Sheila Gibson, Esq
Tomatoes, Tomatos. Does spelling make it different?
The short answer is most likely not. You would be running a very high risk that the examining attorney will refuse registration based on a likelihood of confusion with the existing mark.
Unfortunately, we see this a lot in our practice. Applicants come to us with applications they filed themselves that have been refused by the trademark examiner for likelihood of confusion. The applicant is equally confused often telling us "But I searched it and the mark was available?!?!"
Trademark searches are not like domain name searches. Just because a search of the trademark office database does not turn up a result, does not mean the mark is available.
This is because the search capability of the trademark office search engine only pulls up any marks that include the mark EXACTLY AS YOU SPELLED IT. But the trademark examiner search tools will look for whether your mark is SIMILAR to an existing mark and thus could result in a likelihood of confusion with an existing mark or the mark of a prior filed application.
The purpose of a trademark is to identify the source of the goods or services, and so trademark laws serve to avoid consumer confusion as to that source. To evaluate whether a likelihood of confusion exists, the examining attorney takes into account the following factors:
- Similarity of the marks. Examiners look at the (1) sight--whether the marks appear the same, (2) sound--whether the marks sound the same, and (3) meaning--whether the marks have the same meaning. Thus, if your mark has a different spelling but sounds the same as an existing mark, you will likely be refused for a likelihood of confusion with that mark.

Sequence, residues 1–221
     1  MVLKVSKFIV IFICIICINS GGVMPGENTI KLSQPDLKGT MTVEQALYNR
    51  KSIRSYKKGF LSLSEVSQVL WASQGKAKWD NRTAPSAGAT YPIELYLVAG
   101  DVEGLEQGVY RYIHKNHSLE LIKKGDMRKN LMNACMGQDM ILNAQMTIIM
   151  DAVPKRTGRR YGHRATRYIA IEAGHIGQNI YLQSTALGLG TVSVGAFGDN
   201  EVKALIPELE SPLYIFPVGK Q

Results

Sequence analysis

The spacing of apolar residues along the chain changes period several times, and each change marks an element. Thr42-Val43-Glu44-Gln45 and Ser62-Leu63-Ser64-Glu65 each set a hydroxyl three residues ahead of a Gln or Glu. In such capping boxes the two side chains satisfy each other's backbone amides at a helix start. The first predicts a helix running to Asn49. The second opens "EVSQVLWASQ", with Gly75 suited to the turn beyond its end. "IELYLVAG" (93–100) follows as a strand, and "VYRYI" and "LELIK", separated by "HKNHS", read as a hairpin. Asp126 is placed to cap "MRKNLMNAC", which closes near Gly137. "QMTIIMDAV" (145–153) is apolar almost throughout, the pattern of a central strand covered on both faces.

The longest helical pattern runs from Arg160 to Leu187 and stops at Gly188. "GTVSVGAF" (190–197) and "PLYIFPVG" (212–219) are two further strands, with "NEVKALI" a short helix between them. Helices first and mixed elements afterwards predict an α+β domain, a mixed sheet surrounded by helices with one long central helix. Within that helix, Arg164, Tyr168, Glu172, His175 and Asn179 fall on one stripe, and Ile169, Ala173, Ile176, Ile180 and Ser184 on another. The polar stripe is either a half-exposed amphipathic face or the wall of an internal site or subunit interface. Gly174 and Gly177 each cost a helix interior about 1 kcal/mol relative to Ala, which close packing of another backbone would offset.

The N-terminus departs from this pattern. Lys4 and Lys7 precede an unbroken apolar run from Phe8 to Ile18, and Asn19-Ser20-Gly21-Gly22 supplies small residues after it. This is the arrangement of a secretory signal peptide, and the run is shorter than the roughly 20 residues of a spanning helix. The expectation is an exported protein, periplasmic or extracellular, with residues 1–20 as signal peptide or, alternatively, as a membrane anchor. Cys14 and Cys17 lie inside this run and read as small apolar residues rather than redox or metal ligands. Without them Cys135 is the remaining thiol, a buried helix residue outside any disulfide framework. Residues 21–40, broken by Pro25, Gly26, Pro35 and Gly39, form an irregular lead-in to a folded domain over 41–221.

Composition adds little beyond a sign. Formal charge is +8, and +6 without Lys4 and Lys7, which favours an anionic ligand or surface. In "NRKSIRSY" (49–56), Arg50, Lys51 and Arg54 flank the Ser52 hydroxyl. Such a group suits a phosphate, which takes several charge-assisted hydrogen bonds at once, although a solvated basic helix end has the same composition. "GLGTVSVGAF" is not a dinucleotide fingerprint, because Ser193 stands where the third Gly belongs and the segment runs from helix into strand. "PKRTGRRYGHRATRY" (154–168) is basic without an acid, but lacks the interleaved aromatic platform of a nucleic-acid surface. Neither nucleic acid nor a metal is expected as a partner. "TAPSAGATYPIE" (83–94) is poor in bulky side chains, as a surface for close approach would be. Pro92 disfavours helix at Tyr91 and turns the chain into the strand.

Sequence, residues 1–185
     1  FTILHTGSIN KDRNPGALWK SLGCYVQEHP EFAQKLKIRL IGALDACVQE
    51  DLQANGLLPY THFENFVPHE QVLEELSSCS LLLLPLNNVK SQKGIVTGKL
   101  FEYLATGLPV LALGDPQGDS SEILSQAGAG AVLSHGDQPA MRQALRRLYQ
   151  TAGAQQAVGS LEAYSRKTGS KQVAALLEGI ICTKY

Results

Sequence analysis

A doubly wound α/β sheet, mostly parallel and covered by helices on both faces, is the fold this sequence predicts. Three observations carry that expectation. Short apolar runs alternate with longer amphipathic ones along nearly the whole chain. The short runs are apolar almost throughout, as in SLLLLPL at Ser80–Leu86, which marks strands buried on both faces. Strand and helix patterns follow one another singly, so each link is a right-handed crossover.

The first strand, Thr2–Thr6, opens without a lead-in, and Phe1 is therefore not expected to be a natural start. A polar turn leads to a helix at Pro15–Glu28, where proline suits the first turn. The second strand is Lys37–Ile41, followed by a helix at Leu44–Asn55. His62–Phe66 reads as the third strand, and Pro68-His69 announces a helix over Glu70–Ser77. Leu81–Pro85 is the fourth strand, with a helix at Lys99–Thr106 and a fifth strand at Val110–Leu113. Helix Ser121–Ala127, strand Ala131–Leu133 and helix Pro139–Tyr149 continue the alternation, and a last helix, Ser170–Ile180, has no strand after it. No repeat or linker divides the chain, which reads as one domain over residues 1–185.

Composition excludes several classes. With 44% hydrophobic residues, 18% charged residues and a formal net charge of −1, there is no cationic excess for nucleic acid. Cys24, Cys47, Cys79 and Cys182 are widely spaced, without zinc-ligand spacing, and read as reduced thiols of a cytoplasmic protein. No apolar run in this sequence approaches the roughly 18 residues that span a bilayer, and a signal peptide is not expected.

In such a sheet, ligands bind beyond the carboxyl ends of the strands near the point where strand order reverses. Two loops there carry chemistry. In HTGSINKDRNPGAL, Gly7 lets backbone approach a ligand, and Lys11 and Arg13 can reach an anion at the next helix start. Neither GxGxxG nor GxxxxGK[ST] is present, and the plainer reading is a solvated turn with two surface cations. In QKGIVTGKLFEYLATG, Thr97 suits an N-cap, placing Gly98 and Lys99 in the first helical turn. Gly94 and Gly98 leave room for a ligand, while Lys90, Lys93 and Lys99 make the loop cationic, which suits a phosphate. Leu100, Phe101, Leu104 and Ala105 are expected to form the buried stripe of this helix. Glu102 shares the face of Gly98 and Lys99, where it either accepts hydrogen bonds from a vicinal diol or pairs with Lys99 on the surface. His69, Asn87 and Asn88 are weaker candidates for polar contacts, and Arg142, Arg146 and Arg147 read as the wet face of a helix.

- Similar markets. Trademark protection is limited to the goods or services identified in the application. Thus, examiners will look at whether the goods and services of the two marks belong to the same market or field, a closely related market or field, or a market or field of likely expansion.
Most examiners stop at the first two factors, but there are several others to consider when evaluating likelihood of confusion (or arguing that there is not a likelihood of confusion). These include:
- Similarity of the trade channels.
-The conditions under which the goods or services are purchased--impulse buys or careful, sophisticated purchases.
- The fame of the prior mark.
- The number and nature of similar marks in use on similar goods.
- The nature and extent of any actual confusion.
- The length of time during and the conditions under which there has been concurrent use without evidence of actual confusion.
If you receive a refusal for likelihood of confusion, that doesn't mean that you can't overcome it, but you will have to convince the examining attorney that a likelihood of confusion will not exist. This is quite often difficult and costly to do. The best way to avoid a refusal for likelihood of confusion is to have a trademark attorney perform a comprehensive search prior to filing your trademark application to assess the risk that an examiner will refuse your application.
**This is for general and educational purposes only and is NOT legal advice. For legal advice, contact an attorney or book a consultation with our firm.**